Would the number of abortions fall? Yes, but not dramatically. A study from Middlebury College in Vermont found that states most likely to criminalize abortion already have the lowest abortion rates, because there are already so many restrictions. Alabama had an average historical rate of 8.3 abortions per 1,000 women ages 15 to 44; Mississippi, 8.6; Arkansas, 6.2; Oklahoma, 5.9. California and New York, both of which would keep abortion rights intact if Roe fell, had rates of 17.3 and 27.4, respectively. New Jersey's was 28.2. The Middlebury study found that repealing Roe would result in a 32.8 percent reduction in the abortion rate in conservative states, but nationally, America would only experience a 12.8 percent reduction. "Even if the pro-life legal movement locates its Holy Grail," said pro-life conservative writer David French, "almost 90 percent of the American abortion regime would remain intact."
What about mail-order drugs? Today about 40 percent of women who end their pregnancies do so by taking the abortion drugs Mifepristone and Misoprostol, which studies have shown are safe and effective at terminating pregnancies up to 20 weeks. The FDA limits their use to up to 10 weeks and requires women to get them directly from a health-care provider. Seven states explicitly prohibit their use, and authorities in several others have warned that they violate fetal harm and fetal homicide laws. (At least 21 women have faced charges for using them.) In the face of such resistance, some women have turned to black-market providers such as Aid Access, which obtains the drugs from India and then illegally ships them to women in the U.S. If Roe were to fall, pro-choice organizations would no doubt step up efforts to provide these medications. "I don't think you can put all of those different genies back in the bottle," said medical historian Andrea Tone at McGill University in Montreal. "Women are in charge of their procreative destiny."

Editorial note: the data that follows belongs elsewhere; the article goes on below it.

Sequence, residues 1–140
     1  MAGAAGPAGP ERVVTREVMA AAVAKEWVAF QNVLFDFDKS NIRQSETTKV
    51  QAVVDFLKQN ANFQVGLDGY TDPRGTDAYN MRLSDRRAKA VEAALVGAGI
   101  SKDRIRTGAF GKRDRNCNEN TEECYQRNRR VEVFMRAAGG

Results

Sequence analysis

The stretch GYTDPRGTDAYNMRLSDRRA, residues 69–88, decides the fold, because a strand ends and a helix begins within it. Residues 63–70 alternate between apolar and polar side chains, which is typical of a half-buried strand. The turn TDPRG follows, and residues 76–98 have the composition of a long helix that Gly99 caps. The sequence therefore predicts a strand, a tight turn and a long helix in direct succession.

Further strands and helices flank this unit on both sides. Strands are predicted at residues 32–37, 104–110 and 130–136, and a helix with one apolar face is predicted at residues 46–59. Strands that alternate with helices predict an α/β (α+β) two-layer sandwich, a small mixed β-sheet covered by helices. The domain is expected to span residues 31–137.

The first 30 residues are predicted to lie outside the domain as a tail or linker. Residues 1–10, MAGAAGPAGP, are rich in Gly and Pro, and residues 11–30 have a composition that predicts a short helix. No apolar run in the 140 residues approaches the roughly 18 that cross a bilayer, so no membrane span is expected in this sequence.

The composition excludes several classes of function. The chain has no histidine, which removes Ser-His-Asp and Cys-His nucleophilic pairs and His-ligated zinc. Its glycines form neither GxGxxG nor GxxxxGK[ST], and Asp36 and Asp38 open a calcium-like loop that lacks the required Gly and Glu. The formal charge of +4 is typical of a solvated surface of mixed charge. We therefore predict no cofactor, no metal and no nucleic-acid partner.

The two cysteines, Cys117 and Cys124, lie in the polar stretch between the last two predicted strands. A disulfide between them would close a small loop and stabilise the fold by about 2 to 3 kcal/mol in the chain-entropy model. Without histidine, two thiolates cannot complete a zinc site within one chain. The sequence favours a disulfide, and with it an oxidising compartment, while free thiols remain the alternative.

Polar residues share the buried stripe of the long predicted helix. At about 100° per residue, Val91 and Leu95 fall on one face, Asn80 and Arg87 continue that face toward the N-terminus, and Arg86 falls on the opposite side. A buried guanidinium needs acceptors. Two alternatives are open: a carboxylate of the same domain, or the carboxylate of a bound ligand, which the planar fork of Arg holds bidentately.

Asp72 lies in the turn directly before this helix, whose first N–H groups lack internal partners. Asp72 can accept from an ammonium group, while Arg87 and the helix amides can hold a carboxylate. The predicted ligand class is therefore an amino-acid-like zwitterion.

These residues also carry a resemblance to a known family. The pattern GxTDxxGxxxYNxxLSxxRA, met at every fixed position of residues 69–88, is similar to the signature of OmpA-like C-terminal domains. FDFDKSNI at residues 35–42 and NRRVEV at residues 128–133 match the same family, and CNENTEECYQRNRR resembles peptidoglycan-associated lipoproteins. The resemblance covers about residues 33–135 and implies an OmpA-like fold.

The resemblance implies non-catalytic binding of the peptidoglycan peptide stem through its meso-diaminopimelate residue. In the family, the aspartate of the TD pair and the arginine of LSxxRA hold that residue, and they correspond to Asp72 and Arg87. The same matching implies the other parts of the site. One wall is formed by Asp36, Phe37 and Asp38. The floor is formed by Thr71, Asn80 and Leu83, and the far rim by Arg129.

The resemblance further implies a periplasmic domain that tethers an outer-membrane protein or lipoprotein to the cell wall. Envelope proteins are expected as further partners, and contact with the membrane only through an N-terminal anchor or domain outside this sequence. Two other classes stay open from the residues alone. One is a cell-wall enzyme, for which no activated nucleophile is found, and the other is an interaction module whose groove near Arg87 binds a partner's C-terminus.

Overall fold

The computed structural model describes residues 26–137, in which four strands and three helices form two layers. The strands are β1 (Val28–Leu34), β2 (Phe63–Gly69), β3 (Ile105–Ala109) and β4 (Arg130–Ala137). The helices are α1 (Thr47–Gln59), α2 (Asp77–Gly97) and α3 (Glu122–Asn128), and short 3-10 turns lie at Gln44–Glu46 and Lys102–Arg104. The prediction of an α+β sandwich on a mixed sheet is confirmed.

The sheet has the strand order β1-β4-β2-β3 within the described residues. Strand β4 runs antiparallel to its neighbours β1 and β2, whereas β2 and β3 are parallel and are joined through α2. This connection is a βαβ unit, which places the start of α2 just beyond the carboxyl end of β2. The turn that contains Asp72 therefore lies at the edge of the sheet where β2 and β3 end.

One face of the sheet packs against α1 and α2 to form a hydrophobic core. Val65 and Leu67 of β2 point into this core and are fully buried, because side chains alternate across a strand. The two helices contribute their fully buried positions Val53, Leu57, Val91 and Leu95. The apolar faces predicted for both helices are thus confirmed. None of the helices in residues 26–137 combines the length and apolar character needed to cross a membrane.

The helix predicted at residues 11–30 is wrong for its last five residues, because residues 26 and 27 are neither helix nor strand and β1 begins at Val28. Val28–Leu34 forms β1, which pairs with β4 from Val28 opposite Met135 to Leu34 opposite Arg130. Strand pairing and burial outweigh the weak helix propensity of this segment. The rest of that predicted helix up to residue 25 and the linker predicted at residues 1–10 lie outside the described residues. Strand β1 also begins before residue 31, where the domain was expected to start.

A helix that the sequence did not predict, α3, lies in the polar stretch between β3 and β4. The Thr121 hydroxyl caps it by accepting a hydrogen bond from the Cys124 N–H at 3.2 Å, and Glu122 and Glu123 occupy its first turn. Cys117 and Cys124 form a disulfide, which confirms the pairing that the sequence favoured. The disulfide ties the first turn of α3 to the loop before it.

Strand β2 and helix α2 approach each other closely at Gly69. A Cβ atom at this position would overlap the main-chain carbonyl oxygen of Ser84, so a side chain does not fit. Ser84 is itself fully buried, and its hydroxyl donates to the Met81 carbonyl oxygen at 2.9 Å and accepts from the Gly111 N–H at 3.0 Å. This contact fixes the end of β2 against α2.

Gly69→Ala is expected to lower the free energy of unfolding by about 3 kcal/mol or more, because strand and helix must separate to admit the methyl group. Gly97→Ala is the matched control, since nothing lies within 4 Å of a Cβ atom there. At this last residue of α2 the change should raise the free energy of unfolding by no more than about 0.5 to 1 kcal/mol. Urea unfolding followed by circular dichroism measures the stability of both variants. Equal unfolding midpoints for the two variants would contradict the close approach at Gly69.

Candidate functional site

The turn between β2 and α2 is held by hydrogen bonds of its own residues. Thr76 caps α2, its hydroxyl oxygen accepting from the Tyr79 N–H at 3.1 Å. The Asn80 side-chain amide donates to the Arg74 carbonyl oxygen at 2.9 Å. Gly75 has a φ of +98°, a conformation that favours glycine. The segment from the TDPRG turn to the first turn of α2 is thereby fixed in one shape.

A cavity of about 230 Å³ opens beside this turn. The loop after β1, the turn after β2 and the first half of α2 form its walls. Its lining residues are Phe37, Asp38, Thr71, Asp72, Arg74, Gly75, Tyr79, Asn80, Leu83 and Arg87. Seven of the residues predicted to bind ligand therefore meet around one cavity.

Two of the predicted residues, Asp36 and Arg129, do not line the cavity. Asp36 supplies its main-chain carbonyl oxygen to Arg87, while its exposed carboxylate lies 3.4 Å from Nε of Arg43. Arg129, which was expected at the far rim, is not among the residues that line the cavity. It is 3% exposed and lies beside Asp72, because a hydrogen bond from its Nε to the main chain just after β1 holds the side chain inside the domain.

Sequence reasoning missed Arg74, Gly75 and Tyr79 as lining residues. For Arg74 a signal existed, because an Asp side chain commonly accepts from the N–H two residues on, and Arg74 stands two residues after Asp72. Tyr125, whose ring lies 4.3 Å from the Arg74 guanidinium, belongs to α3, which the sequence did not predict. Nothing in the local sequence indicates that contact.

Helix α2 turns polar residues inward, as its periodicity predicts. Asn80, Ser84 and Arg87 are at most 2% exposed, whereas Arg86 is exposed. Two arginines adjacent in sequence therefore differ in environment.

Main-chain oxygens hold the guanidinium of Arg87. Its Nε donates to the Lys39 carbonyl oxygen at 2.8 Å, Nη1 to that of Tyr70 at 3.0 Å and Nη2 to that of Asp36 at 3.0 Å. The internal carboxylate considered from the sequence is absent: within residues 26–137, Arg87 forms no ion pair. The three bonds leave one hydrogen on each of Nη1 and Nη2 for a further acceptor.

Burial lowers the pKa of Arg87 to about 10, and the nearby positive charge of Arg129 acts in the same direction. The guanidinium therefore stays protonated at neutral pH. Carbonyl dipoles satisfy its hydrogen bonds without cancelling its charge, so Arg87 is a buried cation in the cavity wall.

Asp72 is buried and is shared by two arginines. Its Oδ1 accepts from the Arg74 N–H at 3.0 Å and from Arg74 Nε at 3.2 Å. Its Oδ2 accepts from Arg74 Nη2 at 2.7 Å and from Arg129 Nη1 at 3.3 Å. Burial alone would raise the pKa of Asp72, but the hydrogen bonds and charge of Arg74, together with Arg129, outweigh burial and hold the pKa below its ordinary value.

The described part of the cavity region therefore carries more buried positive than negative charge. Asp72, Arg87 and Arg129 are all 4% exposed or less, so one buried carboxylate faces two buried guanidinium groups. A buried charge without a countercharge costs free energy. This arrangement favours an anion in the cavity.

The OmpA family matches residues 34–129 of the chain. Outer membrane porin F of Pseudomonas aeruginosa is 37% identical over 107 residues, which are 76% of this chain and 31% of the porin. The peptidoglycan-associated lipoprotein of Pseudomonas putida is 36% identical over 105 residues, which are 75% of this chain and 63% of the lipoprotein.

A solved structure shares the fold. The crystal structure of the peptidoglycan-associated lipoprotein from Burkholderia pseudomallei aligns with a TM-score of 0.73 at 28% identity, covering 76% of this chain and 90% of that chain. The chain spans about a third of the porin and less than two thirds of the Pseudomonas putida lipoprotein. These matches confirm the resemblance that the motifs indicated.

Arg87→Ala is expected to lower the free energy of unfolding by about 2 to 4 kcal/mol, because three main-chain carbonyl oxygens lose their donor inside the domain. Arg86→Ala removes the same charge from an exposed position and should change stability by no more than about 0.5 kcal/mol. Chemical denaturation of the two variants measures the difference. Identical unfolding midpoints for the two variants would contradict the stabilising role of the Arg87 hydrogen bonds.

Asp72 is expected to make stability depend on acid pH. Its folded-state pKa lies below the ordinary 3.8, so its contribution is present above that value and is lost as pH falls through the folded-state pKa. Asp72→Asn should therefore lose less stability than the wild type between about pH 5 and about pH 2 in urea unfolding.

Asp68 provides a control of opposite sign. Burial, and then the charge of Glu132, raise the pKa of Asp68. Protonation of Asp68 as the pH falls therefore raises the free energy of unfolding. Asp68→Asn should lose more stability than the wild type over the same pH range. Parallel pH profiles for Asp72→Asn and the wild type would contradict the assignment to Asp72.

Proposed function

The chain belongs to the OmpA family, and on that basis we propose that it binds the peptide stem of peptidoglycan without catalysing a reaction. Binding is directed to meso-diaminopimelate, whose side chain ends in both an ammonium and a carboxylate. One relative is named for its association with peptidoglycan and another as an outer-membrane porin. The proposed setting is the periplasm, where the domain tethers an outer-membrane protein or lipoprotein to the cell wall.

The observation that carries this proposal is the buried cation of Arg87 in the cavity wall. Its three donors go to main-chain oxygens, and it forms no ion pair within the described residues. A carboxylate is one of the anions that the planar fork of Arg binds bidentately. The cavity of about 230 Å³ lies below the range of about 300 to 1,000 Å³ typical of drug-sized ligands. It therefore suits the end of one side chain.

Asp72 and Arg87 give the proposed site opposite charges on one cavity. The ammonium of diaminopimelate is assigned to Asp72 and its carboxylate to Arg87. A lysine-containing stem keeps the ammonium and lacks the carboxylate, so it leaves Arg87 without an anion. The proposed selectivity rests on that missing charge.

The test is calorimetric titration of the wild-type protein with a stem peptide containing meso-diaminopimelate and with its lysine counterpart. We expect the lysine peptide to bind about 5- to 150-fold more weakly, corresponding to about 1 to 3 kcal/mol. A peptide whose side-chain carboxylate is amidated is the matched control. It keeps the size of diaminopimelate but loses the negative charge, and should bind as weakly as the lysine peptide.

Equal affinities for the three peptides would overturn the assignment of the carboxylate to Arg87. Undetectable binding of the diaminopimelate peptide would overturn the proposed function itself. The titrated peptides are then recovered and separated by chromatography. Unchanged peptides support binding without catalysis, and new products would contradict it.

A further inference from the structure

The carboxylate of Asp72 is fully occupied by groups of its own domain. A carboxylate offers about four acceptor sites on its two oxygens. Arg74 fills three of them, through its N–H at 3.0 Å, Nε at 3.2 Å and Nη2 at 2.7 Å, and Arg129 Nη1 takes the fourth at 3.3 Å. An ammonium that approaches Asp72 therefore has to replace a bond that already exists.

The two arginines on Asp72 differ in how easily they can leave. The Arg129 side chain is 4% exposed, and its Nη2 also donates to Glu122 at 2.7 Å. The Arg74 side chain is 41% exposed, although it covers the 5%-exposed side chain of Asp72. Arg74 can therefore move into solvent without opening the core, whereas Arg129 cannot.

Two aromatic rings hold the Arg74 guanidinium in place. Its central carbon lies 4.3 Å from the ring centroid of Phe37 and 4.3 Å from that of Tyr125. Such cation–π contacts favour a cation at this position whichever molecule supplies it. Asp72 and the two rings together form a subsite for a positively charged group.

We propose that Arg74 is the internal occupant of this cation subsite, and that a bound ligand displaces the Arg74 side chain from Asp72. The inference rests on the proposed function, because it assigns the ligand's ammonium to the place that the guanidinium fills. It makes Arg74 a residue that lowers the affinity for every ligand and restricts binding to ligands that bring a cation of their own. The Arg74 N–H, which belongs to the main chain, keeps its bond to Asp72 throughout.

Regulating providers out of business Many legal analysts think it's more likely a 6-3 conservative majority will uphold ever more restrictive state laws on abortion than repeal Roe altogether. So-called TRAP laws, or targeted regulation of abortion providers, place costly and logistically difficult burdens on abortion providers to the point where they are effectively prohibited from practicing. Five states — Mississippi, Missouri, North Dakota, South Dakota, and West Virginia — have only a single abortion provider. For 27 U.S. cities with more than 50,000 people, there is no abortion provider within 100 miles. In June, the court ruled 5-4 that a Louisiana TRAP law that would have required abortion providers to maintain admitting privileges at a hospital was unconstitutional and would have created burdens that "would fall disproportionately on poor women," as Justice Stephen Breyer wrote for the majority. The 2014 law, had it been upheld, would have left Louisiana with only a single abortion provider, in New Orleans. The court, said Diana Kasdan, senior staff attorney at the Center for Reproductive Rights, "does not have to overturn Roe to fully undermine the right to abortion."
This article was first published in the latest issue of The Week magazine. If you want to read more like it, you can try six risk-free issues of the magazine here.